It’s been chiseled into the minds of Chinese bureaucrats—they must “maintain social stability” to climb the career ladder. This amounts to a license for clamping down on any sign of disturbance. Increasing numbers of strikes have been met with vigorous suppression.
About a third of the reported protests in the country over the past year are over labor issues. Most are staged by workers from China’s countryside who migrated to cities in search of work. They make up about 60 percent of China’s industrial workforce, providing almost all the workers in the export industries that fill stores around the globe with goods.
Guangdong Province, just north of Hong Kong, contains the biggest concentration of such factories in China and has witnessed the largest surge in worker protests.
Most demands are over unpaid wages, underpaid wages or poor work conditions, due to employers breaching the law. Workers take to the streets only when management and local authorities ignore their grievances. They block roads, forcing authorities to pay attention. In the first quarter of 2015, 11 large factory strikes in Guangdong escalated into violence between workers and police, estimates one Hong Kong NGO.
Unlike workers in other Asian countries such as Cambodia, Indonesia, and Bangladesh, Chinese workers had not challenged government policies—targeting the government for an increase in the legal minimum wage or asking to eliminate China’s household registration system that consigns migrant workers to temporary residence in cities and denies them access to public services. They had not demanded a right to set up alternatives to inactive branches of China’s one official trade union run by the government, which normally lets factory managers select union representatives.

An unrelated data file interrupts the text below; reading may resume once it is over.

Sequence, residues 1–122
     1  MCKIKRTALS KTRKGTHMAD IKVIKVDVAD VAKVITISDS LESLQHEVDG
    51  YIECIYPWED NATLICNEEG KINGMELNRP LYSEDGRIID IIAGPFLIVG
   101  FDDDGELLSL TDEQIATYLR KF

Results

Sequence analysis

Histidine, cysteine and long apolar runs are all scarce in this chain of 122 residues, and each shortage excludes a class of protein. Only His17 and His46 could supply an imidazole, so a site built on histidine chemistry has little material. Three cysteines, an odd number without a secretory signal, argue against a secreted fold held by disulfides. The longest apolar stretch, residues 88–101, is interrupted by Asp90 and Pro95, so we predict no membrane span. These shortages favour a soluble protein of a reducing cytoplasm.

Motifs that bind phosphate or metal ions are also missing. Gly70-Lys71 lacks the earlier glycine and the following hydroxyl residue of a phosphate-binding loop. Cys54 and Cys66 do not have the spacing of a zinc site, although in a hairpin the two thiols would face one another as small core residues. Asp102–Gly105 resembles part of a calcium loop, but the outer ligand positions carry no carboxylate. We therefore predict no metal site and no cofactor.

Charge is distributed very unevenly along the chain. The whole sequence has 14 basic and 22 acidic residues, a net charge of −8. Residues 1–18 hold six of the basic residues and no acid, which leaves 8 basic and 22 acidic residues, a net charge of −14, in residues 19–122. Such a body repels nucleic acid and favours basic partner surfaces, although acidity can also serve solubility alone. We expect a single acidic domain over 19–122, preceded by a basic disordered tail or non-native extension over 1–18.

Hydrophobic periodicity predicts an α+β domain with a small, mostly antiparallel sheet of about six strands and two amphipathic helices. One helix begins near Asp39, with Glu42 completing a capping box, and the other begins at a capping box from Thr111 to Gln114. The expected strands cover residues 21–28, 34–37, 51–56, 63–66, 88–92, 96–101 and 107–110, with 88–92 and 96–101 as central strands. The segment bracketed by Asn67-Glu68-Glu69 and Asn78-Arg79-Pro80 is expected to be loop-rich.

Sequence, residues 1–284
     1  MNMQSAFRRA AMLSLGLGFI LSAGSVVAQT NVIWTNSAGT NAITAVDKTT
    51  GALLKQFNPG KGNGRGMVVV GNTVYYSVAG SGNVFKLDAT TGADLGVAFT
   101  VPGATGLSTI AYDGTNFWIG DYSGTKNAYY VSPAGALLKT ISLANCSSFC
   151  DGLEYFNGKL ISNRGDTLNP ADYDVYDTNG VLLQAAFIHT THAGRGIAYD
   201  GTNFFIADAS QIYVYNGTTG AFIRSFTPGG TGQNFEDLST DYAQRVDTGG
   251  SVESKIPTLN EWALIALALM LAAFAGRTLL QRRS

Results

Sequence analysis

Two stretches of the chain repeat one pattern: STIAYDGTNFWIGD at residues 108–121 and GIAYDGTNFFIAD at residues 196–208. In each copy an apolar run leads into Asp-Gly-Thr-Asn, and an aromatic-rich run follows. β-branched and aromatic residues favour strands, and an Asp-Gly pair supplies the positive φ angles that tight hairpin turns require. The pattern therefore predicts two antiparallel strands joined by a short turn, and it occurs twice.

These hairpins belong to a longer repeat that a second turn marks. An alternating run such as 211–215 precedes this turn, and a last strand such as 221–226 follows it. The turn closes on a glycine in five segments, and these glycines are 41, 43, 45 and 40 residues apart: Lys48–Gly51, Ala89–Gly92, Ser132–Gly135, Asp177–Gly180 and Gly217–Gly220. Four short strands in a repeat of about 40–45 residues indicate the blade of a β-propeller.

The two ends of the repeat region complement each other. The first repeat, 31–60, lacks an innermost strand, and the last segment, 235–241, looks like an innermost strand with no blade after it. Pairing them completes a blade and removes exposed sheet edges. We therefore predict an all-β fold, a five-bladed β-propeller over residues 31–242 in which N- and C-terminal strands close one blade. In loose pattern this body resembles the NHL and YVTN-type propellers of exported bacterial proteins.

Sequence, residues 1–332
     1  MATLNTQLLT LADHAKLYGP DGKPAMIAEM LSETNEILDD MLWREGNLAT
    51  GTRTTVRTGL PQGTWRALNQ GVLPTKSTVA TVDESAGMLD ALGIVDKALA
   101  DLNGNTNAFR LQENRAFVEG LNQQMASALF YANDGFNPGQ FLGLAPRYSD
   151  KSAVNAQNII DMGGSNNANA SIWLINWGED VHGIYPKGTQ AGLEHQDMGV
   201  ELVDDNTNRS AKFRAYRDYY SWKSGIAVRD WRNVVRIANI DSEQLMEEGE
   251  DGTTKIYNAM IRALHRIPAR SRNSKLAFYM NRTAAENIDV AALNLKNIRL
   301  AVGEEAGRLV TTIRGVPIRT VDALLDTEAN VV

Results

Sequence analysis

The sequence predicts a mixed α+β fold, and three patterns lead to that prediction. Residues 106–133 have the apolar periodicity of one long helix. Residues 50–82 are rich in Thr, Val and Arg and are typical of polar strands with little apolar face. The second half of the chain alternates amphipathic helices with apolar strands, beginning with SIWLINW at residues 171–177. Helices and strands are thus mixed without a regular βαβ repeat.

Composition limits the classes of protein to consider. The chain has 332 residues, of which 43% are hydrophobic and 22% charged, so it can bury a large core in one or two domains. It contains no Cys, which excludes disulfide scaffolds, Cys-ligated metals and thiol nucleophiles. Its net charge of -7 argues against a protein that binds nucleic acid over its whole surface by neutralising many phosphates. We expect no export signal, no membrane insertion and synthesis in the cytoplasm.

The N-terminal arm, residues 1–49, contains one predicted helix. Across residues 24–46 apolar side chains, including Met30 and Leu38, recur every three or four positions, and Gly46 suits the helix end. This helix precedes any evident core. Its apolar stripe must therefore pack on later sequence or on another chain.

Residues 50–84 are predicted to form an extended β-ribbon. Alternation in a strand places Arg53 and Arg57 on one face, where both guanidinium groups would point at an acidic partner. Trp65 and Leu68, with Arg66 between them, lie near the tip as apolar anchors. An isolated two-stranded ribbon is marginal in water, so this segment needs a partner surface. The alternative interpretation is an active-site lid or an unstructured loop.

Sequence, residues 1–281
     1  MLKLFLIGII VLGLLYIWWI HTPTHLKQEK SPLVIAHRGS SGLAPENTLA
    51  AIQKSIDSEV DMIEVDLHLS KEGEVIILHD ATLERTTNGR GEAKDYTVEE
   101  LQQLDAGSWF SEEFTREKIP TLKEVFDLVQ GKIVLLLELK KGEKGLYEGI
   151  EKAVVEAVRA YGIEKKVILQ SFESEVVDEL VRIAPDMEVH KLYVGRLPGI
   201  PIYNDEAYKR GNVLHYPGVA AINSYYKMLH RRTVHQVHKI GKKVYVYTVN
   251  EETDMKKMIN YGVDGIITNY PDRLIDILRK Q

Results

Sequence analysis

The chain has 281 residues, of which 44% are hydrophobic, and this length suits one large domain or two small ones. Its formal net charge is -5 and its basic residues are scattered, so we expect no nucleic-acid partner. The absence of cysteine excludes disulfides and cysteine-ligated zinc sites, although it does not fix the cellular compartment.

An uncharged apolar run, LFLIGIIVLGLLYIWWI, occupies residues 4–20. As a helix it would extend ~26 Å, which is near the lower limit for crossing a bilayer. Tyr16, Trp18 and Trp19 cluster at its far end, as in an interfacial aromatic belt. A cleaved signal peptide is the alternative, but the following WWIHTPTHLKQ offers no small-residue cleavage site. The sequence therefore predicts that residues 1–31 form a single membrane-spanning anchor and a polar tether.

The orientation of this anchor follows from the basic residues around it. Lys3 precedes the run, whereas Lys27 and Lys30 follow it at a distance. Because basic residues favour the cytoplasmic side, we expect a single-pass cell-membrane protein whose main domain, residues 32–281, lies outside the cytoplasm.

A transformation in labor protests is underway. For the first time, some workers demand wage raises far above the minimum wage. Some have become aware that they need representation, and thus some protests demand to hold democratic workplace union elections to replace the management-controlled union branch.
Last year, in the largest strike in Guangdong of the last three decades, more than 40,000 workers went on strike at a vast shoe factory in the city of Shenzhen. The factory, owned by the Taiwanese firm Yue Yuen, the world’s biggest footwear manufacturer, produces running shoes for major brands.
The strikers had an unusual demand: that the company pay for back years of unpaid employer contributions toward their retirement, which in Shenzhen legally should be 13 percent of employees’ total wages.
In early April this year, 5,000 workers at another shoe factory demanded payment of years of unpaid employer contributions to a housing subsidy fund, also mandated by law and worth 5 percent of salary. For many years almost all workers from the countryside were in their 20s, and they paid little attention to the retirement or housing funds, which are seldom respected by factory owners.
With some retaining their jobs into their 30s and 40s, many realize they have been short-changed. The accumulated debts owed to thousands of workers, running into many millions of dollars, have serious implications for company finances. One survey suggested that only 20 percent of enterprises may contribute the full amount.
An Older Workforce
Workers’ worries are exacerbated by the fact that some foreign investors, always scouring for low-wage investment sites, have been relocating manufacturing from Guangdong to cheaper inland provinces or overseas to South and Southeast Asia.
Vietnam, for instance, has overtaken China as the leading exporter of garments to U.S. market. Some cities in Guangdong like Dongguan, once a favorite destination of Taiwanese manufacturers, are now deindustrializing. When relocating, some companies simply refuse to honor their obligations, leaving workers stranded with unpaid wages and years of unpaid employer contributions to the funds.
Demographic changes in the migrant workforce increase the workers’ willingness to protest. The popular image of young, inexperienced, poorly educated, unmarried, and submissive young women no longer applies to today’s migrant workers.